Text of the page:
Resume Writing Tips

A resume and cover letter are the most important parts of the job search process. This blog post is a starting point for thinking about Format, Length and Content of a resume.

I. Format: Should be simple and straightforward

  • Use a basic, clean font like Times New Roman or Arial (10-12pt) to make the resume look professional
  • Pay attention to margins, eliminate white spaces and do not justify
  • Save as .pdf, so the formatting won’t get messed up in the reader’s view
  • Properly name your resume (Ali Nawab – Resume, not just Resume)

II. Length: 1 page or 2 max (see resume sample here)

Resume Sample

III. Content: see below for 4 tips

1 – Follow the CAR framework. Based on the Context – Action – Result principle, where:

Context – why was this needed / background

Action – what things did you specifically do

Result – what was the outcome (preferably quantified)

2 – Make it One Line / Skill. Each line of the CV should show a unique skill e.g. analytics, team work, product/platform expertise, problem solving.

3 – Align Resume bullet points to Job Description. Try to figure out what the job description is asking for, and then tailor your resume accordingly. Each line of the resume should align to each line of the job description of the desired role.

Hiring managers regularly spot such things as it shows structured thinking and makes it easy for them to match your skills to the requirements. So if job description says skills required:

  • Technical fluency in IBM Websphere BI
  • Strong communication skills
  • Strong team work
  • Strong problem solving skills

Then resume lines for your last role (at least) should follow the same format

  • Line showing IBM Websphere BI technical skill using CAR (Context, Action, Result)
  • Line showing strong communication skills using CAR
  • Line showing strong teamwork using CAR
  • Line showing strong problem solving skills using CAR

4 – Linkedin, Github and other relevant profiles updated

Photo by Startup Stock Photos from Pexels

Include working links to updated LinkedIn, Github, and/or any other profiles a hiring manager can find on the web, especially in this day and age where most resumes are being submitted electronically through email or ATS’s (Lever, Greenhouse, etc.). A 1 to 2-paged resume isn’t enough cover everything you can offer so having these supplements can help hiring managers see if you are a good fit.

Cover letter

A one-page (yup, keep it to one page only) letter that is very important in making your application stand out from the candidate pile. In a cover letter, you can explain certain parts of your resume that you want the hiring managers to focus on. Here’s a sample cover letter I used in 2013.

Sample Cover Letter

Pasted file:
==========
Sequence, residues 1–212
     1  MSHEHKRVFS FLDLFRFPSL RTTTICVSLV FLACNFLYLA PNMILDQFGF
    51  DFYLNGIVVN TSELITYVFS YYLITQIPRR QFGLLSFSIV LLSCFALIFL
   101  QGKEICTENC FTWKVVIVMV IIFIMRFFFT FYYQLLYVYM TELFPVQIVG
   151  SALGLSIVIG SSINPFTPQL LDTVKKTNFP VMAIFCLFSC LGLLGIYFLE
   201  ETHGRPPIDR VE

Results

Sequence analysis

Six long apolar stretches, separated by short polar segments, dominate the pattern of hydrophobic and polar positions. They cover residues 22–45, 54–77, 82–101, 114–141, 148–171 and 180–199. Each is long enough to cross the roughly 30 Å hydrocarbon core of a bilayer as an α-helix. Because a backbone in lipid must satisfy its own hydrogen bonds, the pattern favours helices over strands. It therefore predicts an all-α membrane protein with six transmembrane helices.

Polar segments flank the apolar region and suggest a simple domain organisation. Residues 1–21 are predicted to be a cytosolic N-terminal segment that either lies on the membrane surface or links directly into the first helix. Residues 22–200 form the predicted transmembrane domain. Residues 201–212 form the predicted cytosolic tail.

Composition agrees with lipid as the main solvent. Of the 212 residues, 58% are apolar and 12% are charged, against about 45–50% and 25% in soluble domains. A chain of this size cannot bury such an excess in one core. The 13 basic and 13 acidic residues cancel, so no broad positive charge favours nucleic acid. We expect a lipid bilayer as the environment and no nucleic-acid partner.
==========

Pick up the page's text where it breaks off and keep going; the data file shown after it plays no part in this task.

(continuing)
It also allows you to address a specific individual in the company (the hiring manager or Head of HR, perhaps? and not the generic “To Whom it may Concern”) can show how much you are committed to getting the job because you clearly did your research. And while you’re at it, make sure to take the cover letter as an opportunity to tie yourself to the company — learn about their goals, mission and vision, etc. and connect it to your experiences. It should answer questions like: Why this field? ~ why consulting / marketing / engineering? Why this company?

What’s important in writing this letter is that you make it simpler to read. You have to assume the reader is an idiot, so don’t leave anything for readers to make connections / speculations on their own. In other words, don’t make them think at all, just do the thinking for them and spell it out. You don’t have to spill everything, just highlight a few relevant details to make them interested and want to learn more about you to give you an interview.

Alternatively, you can send an email to someone with a potential opportunity.

Sending out your resume

Before you send out your perfectly formatted CVs, don’t forget to:

  1. Proofread
  2. Proofread
  3. Proofread

While spell check and grammar check tools are helpful, don’t rely 100% on them, have your family and friends to look at your resume and cover letter for you for a fresh set of eyes.

And another quick tip: whenever you send in your resume to someone, try to write an email 2 to 4-sentence summary of your application, as it helps them understand your profile without opening any attachments. The summary can briefly include: what you did, where you went to school, what kind of roles you would be great at, what type of person you want to work for. It is similar to a cover letter, but much much shorter, aim for the highest number of insights with the least number of words.

How to time the market as a startup founder – a thread on some hard truths

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  1. Optionality killed many startups in good times, and will impact more in unprecedented times like now.
  2. We will hear a lot of bad news about tech startups doing layoffs or shuttering down.
  3. Remember that no-decisions is also a decision, and usually not a good one.
  4. The world has come to a standstill. It has never happened before in our lives.
  5. If you have 36 months of runway, consider yourself lucky and sit tight.
  6. If you can get to profitability, do it now whatever it takes.
  7. If you need to raise money, remember you are not in a position to negotiate terms.
  8. If you need to downsize, cut once and cut deeper.
  9. Don’t listen to the gambler in your mind, spending that extra month to get ahead of the competition when this is all over is not a good idea.
  10. To be ahead of your competitors by 1-2 years, you just need to keep standing when this is all over.
  11. Once your risk of ruin is reduced to near zero (as close to 36 months of cash as possible), take the opportunity for the smallest possible bet on a validated opportunity that will deliver outsized returns on your business, or you will learn about the fatal flaw as quickly as possible.